This project started out from curiosity about a form of Amnesty Act, the 14-year rule, in the UK.
The 14-year rule allowed overstayers to legalise their stay in the UK as Indefinite Leave to Remain (ILR) after a certain number of years,
which applied to a categorie of illegal overstayers. As I researched the topic, I found that there are multiple views on the rule.
In terms of ex-illegal immigrants, some are now satisfied with the rule but would never recommend it to anyone. In terms of British people,
almost all are against illegal immigration but do not know about the rule. The UK government, meanwhile, respects human rights but never
ignores illegal people. The topic is controversial due to its roots (human rights) and associated social problems.
There are two sides to this one subject. I attempted to explore this through presswork with transparency and reverse printing in my book,
and I tried to convey the hidden and real stories of the people who had been granted ILR under the 14-year rule as visual language.
I wanted to express the reality of the shadows and the other sides of the issue that are never mentioned through the media.
So, are illegal overstayers satisfied with their circumstances after being granted ILR in the UK? Which reasons make them stay illegally?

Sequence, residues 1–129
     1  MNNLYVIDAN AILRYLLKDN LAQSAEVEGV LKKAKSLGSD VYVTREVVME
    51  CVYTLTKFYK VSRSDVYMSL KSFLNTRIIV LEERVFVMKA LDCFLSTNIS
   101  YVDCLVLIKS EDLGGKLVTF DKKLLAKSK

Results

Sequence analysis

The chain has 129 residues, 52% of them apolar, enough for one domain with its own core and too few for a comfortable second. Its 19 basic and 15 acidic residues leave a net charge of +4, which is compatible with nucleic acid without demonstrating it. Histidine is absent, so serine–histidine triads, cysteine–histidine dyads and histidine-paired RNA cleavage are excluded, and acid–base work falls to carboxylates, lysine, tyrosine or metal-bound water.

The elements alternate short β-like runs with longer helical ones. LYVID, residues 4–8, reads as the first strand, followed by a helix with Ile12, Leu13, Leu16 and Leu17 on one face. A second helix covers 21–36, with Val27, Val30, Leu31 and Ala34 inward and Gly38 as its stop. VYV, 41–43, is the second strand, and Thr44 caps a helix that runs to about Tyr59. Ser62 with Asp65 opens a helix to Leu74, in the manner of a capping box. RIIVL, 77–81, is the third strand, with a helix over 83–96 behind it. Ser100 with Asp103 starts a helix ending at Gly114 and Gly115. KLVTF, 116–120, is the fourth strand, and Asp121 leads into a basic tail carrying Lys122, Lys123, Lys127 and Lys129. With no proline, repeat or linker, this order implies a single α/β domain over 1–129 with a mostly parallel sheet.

Could they be called ‘dreamers’, not ‘illegals’? Do they deserve rights and freedoms? Is the change to 20 years from 14 years reasonable?
Also, why should millions of illegal immigrants be given amnesty to stay in the UK? Why should millions of illegal immigrants be able to
continue to live and work in the shadows? What is the UK government’s and the people’s stance on illegality?
In order to conduct deep research into this, I met several solicitors and lawyers, and seven ex-illegal immigrants who had been granted
ILR via the 14-year rule. The seven people were asked to write down or draw anything based on my questions during interviews
in order to express themselves metaphorically. These interviews were held anonymously and some parts relating to the interviewees’
identities were deleted. Thus, all the following images, including the handwriting and drawings, were made by the interviewees themselves.
I neither support illegal immigration nor disagree with abolishing the amnesty in this book.
I would like to explore how effective the rule was as a form of amnesty in the UK, and how far the illegal immigrants who were granted
ILR under this rule were satisfied afterwards.